Latest posts by Yip Jia Qi (see all)
- False Alarm or Forewarning? Lessons from the Week 7 Controversy - October 5, 2019
- Posters, Town Halls, Angry Opinion Articles: Dissent and Disagreement at Yale-NUS - March 18, 2019
- The Yale-NUS Premium - March 23, 2018
story | Yip Jia Qi, Opinion Editor
photo | Yip Jia Qi
Although Yale-NUS College as a student entity is diverse and by no means painted in a single brush stroke, I want to focus on something static that people may base their impressions upon: our architecture. There are many reasons for Yale-NUS being perceived as exclusive, and there are many things that are more important than our architecture. But as the first thing people see before coming into our school and getting to know the community, it might serve to reinforce whatever existing notions people already have. It’s something that’s at least worth talking about.
I am no Urban Studies major, but taking the perspective of a user, I find that our school’s design is distinctly less porous and more disconnected from University Town (UTown) than the rest of the residential colleges (RCs). This might make us seem uninviting, if not outright exclusive. Our campus is — at least from the outside — the architectural equivalent of, what some would call, a resting bitch face; cold, closed off, no sign of the life and relationships that are developed within its walls.
For example, our campus stretches the entire length of one of UTown’s busiest walkways, yet manages to remain quite invisible. Whereas each of the other RCs has at least a simple sign outside their premises, Yale-NUS is a white and grey, walled-off building with imposing metal gates. Whilst most of UTown is connected via sheltered walkways (something essential given Singapore’s weather), our school remains an island on its own, inconveniencing students during a heavy downpour.
This is not to say the school should raise money to build a shelter between our campus and UTown, nor will this be a cure-all to our problems. However, this infrastructural divide is a subconscious yet constant reminder of how our school was planned and built separate from the rest of NUS, making it as much a symbolic divide as it is a physical one.
Even walled-off Condominiums have clear signages at their entrances and connecting walkways to the nearest bus stops. If something as functional as a private residence can have all these things, why isn’t this the same for our college, which in many ways is beyond just a residence? More than just affirming our identity, proper labelling and connectivity also makes our campus look more inviting, signalling to people that Yale-NUS is present and a part of the UTown community instead of apart from it.
The design of our school may also shape our behaviour, even if we don’t realize it. Back when the campus first opened The Octant reported on the design philosophy behind our campus. One of the architect’s’ most distinct inspirations was the courtyards that were present throughout both Eastern and Western institutions, so now we live on a campus that has a courtyard for each RC, where we live our lives around it. The architects probably had privacy and intimacy in mind, and it has helped us foster the tight-knit community we have here.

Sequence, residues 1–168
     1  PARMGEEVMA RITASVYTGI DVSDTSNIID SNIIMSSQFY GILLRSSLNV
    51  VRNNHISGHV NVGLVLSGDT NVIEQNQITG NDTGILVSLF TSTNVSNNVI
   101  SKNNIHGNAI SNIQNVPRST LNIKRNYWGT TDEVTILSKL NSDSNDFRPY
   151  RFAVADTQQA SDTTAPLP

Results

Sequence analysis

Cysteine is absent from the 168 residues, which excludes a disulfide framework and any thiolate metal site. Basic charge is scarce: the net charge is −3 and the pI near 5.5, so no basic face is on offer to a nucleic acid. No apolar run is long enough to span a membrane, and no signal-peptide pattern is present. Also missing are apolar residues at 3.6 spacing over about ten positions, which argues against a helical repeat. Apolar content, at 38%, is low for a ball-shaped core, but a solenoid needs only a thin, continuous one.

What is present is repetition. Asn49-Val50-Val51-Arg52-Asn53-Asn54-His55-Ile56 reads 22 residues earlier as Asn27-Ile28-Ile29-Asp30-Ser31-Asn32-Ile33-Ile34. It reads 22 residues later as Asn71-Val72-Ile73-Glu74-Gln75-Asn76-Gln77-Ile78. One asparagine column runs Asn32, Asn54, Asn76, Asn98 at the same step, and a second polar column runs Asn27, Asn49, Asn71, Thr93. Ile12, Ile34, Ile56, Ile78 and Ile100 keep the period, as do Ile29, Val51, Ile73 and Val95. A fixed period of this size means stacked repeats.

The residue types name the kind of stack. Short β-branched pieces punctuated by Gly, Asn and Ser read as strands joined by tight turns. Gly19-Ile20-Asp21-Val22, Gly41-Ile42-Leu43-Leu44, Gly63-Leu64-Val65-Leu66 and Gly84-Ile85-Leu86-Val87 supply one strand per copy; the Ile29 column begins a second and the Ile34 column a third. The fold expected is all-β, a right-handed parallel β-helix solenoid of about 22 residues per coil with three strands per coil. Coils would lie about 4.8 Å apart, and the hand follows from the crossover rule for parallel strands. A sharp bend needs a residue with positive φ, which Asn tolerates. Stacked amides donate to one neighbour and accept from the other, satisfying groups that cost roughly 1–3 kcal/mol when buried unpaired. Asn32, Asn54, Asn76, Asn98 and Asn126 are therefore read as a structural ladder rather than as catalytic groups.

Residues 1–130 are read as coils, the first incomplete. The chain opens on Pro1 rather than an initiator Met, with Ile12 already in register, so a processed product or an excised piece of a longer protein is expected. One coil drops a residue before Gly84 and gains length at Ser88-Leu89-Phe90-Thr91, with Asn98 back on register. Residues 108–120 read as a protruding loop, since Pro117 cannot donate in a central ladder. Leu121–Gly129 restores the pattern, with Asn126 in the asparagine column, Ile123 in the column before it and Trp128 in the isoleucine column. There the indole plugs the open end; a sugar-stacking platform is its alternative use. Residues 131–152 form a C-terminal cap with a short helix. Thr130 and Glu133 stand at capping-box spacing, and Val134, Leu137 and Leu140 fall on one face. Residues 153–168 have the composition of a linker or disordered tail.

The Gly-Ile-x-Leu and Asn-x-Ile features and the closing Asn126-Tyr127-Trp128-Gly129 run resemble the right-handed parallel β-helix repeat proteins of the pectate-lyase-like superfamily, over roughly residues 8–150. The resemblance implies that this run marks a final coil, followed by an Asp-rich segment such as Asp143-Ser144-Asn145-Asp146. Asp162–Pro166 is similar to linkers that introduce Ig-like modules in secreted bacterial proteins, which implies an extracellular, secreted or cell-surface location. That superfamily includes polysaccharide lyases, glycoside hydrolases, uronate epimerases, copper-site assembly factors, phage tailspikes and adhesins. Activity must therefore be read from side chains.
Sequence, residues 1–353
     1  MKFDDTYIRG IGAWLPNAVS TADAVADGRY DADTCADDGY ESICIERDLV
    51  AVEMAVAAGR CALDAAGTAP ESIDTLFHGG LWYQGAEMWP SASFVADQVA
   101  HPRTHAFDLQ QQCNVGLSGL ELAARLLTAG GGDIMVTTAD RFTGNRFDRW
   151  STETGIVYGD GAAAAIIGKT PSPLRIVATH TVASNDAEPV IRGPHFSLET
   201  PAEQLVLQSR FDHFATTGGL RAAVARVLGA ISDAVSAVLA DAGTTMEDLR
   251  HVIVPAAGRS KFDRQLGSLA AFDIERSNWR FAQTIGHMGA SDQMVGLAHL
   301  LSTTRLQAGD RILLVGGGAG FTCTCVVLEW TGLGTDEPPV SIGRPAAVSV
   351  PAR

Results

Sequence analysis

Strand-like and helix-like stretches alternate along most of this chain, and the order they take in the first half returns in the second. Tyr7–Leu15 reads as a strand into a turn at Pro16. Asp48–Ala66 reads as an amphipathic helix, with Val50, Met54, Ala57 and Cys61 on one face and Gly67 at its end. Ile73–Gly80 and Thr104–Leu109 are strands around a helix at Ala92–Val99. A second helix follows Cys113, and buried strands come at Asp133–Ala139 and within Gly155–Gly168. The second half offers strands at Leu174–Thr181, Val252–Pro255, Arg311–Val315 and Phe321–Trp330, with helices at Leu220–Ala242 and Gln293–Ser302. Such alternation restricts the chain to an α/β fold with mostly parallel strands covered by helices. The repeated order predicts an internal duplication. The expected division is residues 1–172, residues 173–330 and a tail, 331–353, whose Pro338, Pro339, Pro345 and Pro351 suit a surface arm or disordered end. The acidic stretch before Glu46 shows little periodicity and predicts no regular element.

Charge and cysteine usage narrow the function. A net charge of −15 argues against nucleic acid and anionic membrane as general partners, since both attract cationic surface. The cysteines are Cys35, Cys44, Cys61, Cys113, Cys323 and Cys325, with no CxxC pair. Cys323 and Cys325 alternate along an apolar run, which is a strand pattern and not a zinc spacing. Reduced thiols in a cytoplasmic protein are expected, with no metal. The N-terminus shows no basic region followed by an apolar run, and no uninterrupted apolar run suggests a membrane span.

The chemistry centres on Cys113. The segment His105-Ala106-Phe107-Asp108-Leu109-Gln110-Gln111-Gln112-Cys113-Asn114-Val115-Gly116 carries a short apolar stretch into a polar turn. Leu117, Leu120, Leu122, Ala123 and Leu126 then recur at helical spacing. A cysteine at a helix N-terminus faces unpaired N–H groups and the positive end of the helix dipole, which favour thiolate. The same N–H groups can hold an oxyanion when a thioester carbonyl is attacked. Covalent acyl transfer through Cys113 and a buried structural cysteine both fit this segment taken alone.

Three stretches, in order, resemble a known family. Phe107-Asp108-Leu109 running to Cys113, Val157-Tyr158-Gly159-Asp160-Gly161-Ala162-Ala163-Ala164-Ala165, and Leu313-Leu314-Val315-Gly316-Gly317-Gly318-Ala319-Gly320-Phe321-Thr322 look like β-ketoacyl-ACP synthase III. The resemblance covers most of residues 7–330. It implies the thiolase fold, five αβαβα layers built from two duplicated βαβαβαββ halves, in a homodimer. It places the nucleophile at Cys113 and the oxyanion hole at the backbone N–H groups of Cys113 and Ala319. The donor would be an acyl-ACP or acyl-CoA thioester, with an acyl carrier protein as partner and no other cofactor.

Still, there are trade-offs for every design decision. The courtyard is not a true public space – it is only public to the community that surrounds it. When walking along our corridors, only the courtyards are visible, because our view of UTown is blocked by the classrooms. As we traverse these spaces, we are constantly looking only around ourselves and at ourselves, the way the architecture prompts us to do so.
To clarify, making the campus more inviting does not mean making it less secure, and does not have to entail massive changes to the campus. Our campus is beautiful and there are very good reasons for our campus’ design. Unlike most of the residential colleges in UTown, our college acts not just as a home, but also as a school. Though not all of us are comfortable with throngs of strangers wandering around our residences (or bathing in one of our empty suites), we should not be content with seeming invisible to the outside world, either. Ideally, a compromise should be made between being secure without being closed-off.
A good place to start could be the walls themselves. Tall, imposing, and a little too clean, they are a vast canvas. So much art has been springing up within the campus itself,from the lifts in the RCs to a Stop Sign outside the library. Why don’t we consider taking some of these works outside our gates? New locations could be considered where any art would surely make for better viewing than the plain white walls. Anything placed along the utown walkway is sure to get as much or even more attention than it would in one of our lifts. Given that our RC gates are plain, and take forever to open, there is potential for a captive audience right there. There are indeed many avenues and locations for expression that can make our college look very much part of the space that surrounds it. The Octant has even covered some potential locations.
In the end, none of this will change the larger problems our school faces in public perception, but little things like signs on our front door and a livelier more inviting facade might add up, and feed back into shaping the community here in school, or it might not. In any case, the campus as it stands belongs to the architects who designed it. Like a virtual character in a Role Playing Game, it is up to us to personalize our college before we can truly call it ours.
The views expressed here are the author’s own. The Octant welcomes all voices in the community. Email submissions to: email@example.com